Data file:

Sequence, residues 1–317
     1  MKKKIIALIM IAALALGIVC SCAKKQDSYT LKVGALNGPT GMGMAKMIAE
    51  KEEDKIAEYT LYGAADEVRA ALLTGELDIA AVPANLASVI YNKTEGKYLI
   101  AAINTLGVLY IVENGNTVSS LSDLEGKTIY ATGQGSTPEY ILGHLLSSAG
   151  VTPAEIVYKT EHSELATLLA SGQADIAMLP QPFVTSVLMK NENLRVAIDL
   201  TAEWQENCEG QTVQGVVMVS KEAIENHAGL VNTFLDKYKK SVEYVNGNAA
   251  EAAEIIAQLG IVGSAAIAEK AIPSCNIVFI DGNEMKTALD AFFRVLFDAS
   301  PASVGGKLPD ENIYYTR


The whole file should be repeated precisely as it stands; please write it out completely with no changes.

Sequence, residues 1–317
     1  MKKKIIALIM IAALALGIVC SCAKKQDSYT LKVGALNGPT GMGMAKMIAE
    51  KEEDKIAEYT LYGAADEVRA ALLTGELDIA AVPANLASVI YNKTEGKYLI
   101  AAINTLGVLY IVENGNTVSS LSDLEGKTIY ATGQGSTPEY ILGHLLSSAG
   151  VTPAEIVYKT EHSELATLLA SGQADIAMLP QPFVTSVLMK NENLRVAIDL
   201  TAEWQENCEG QTVQGVVMVS KEAIENHAGL VNTFLDKYKK SVEYVNGNAA
   251  EAAEIIAQLG IVGSAAIAEK AIPSCNIVFI DGNEMKTALD AFFRVLFDAS
   301  PASVGGKLPD ENIYYTR